The Code of Conduct Bureau had on September 16, 2015, filed a 13-count charge against Saraki for alleged false and anticipatory declaration of assets before the Code of Conduct Tribunal (CCT).
He was also accused of collecting double salaries during his time as governor of the western state from 2003 to 2011.
The charges were increased to 15 on April 18, 2016, and another charge was added on April 27, 2016, to make it 16. The government later increased the charges to 17 on January 11, 2017, and finally to 18 on February 23, 2017.
The CCT on June 14, 2017, ruled that Saraki had no case to answer after dismissing all 18 charges.
The government later appealed the ruling. The appellate court upheld the CCT's ruling on fifteen charges and said the Senate president had a case to answer concerning the remaining three charges.
Those remaining three charges were dismissed by the Supreme Court on Friday.
"At the end of a tortuous journey of 1018 Days counting from September 22, 2015 when the case began at the Tribunal, I am happy that I have been vindicated," Saraki said in a statement.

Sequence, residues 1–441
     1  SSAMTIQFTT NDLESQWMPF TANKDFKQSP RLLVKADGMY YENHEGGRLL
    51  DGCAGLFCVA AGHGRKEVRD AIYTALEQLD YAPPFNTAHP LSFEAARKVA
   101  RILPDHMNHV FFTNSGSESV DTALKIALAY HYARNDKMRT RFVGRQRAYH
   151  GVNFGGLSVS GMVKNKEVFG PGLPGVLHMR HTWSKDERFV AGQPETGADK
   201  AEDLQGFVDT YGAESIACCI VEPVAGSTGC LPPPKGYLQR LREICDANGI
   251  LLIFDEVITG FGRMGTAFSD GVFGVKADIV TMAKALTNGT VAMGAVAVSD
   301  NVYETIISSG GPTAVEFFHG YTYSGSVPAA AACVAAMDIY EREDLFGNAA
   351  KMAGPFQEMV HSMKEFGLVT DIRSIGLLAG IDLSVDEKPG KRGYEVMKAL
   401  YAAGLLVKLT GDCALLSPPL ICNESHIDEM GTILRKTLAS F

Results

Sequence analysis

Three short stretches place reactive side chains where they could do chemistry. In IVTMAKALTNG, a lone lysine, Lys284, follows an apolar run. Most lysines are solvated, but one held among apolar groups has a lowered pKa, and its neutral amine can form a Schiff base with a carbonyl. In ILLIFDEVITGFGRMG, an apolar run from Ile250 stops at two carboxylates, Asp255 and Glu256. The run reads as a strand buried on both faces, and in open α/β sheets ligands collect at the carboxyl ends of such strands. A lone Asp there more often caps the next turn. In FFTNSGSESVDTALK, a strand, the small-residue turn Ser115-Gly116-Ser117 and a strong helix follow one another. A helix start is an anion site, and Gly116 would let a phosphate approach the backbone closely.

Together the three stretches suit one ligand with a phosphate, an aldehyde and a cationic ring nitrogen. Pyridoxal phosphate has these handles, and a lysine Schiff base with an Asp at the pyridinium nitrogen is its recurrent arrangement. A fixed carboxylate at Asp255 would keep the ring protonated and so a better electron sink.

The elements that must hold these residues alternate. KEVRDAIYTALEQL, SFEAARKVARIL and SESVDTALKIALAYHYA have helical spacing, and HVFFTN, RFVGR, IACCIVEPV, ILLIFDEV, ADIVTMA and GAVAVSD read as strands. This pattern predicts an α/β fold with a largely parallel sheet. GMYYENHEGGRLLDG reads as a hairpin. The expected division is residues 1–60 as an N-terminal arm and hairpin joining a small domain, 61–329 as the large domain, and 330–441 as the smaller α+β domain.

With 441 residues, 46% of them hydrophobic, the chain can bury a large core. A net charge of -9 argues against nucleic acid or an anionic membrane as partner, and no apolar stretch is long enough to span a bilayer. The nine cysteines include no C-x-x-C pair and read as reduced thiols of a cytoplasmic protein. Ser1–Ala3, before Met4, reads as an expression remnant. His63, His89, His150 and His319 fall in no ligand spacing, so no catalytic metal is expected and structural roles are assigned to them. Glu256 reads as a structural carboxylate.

"The Supreme Court has affirmed that there is no evidence of false declaration of assets."
"This outcome has gladdened my heart and further strengthened my belief in this country."
Saraki declares the case as politically motivated which came after his emergence as the Senate president.
"As I said in my first appearance at the CCT, this is a politically motivated case."
"The case was trumped up in the first instance because of my emergence as the President of the Senate against the wishes of certain forces. Ordinarily, I doubt anyone would be interested in the asset declaration form I filled over 15 years ago."